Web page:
Christmas is now an afterhought, and my AMEX practically burned a whole through my wallet, so I decided to be a little more economical with my final purchase of 2007. I decided to pick up a new, full(er)-bodied cigar by Victor Sinclair which will likely catch on among Corojo fans. Partly because of the price, but mostly because of the flavor.
I’ve long been a fan of Corojo wrappers...especially those sporting a thick, toothy texture with a deep, reddish hue. It’s eye candy, no doubt, and I am sold every time. Fortunately, 9 times outta 10 the cigar delivers. Such is the case with Victor Sinclair’s Corojo-wrapped cigars. Take, for example, the Bohemian Corojo or Serie ‘55’ Corojo. Both are well made, and coated with a dark, alluring leaf blushing with a deep, rosy sheen. I’ve always enjoyed these blends, so the Triple Corojo was a must-try. After all, it uses this leaf...and only this leaf.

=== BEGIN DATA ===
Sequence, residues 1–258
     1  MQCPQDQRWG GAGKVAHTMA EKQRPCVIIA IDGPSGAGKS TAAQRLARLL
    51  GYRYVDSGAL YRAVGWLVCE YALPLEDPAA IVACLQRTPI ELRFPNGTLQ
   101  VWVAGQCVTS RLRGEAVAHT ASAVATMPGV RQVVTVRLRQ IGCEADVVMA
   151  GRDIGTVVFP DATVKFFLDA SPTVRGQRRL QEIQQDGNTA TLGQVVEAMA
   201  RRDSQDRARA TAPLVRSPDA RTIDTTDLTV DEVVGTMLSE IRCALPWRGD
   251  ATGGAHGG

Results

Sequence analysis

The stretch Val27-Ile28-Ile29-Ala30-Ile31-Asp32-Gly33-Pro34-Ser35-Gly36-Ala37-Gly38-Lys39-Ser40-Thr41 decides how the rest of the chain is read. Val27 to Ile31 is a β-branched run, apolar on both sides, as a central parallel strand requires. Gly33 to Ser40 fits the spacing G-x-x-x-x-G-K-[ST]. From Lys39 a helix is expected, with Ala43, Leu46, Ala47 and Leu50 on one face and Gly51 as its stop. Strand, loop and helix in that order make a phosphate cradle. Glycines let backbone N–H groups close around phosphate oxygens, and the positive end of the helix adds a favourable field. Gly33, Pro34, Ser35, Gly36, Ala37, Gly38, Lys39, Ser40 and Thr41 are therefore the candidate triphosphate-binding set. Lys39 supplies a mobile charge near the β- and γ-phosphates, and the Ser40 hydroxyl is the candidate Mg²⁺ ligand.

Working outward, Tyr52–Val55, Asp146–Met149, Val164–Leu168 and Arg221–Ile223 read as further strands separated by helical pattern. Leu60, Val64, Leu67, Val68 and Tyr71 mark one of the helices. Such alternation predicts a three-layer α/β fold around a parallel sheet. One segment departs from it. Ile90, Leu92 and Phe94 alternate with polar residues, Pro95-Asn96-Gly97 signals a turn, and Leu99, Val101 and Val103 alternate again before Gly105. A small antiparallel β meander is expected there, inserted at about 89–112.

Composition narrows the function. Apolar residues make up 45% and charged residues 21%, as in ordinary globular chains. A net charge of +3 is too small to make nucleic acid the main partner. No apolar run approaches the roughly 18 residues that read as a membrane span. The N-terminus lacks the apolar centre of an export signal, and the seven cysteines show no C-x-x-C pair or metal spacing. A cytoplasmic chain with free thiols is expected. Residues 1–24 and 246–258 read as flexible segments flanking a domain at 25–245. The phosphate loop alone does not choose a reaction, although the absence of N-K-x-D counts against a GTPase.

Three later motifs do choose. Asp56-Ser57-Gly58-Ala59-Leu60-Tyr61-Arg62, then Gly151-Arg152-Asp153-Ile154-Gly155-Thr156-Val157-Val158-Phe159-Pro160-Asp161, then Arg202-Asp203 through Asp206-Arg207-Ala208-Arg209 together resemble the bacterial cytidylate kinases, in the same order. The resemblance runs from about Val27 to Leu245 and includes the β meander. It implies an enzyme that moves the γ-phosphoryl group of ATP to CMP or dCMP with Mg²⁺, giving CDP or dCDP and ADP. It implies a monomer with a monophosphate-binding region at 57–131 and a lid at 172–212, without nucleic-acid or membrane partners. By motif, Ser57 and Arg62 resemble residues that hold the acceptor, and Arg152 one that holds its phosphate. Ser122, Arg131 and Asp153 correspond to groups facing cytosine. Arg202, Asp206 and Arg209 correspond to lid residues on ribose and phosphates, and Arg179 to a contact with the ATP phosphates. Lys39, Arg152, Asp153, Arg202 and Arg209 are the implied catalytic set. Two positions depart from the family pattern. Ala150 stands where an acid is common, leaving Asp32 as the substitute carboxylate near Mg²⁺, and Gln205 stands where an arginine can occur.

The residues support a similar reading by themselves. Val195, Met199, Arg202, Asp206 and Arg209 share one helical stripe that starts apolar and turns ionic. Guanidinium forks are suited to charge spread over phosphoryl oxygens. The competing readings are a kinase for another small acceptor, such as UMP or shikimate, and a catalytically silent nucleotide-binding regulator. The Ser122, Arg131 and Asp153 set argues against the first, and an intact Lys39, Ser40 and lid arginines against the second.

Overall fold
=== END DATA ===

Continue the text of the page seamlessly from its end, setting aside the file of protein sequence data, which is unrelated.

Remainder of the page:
The Victor Sinclair Triple Corojo utilizes only Dominican-based Corojo tobaccos grown only from Cuban seeds. No joke...every leaf in this cigar is Corojo. One might think this would lead to a one dimensional smoke built strictly on power. But, upon lighting, it’s easy to see just how good Jose Dominguez is at blending tobaccos. Look, I’m not saying Jose is the next Don Alejandro, but the guy’s got some talent, and his Corojo leaves are some of the tastiest and prettiest I’ve found yet.
The cigar is rolled solid from head to toe, while the wrapper is thick and toothy, with some heavy veins. Look closely, and don’t be surprised if you see some crystals surfacing. The first few smoked-filled puffs are a bit dry, with a charcoal-like finish. A dash of pepper hits the back of the palate, while strong spices dominate the nose. Shortly after, the dryness goes away and I begin to taste the chewy, oaky core, which has a slight (and surprising) sweetness on the afteraste. An inch in, you’ll grow some respect for the strength of this cigar, so take your time and enjoy the flavors. The cigar offers a hearty spice throughout that never overwhelms the palate, in addition to ample earthy undertones during the final half. The aroma is robust and fills the room with the scents of toasted wood and charcoal. The ash burns dark and firm for a good inch each time. Despite the strength and spiciness of the cigar, it remains smooth down to the final inch, which promotes a feisty finale filled with pepper and earth.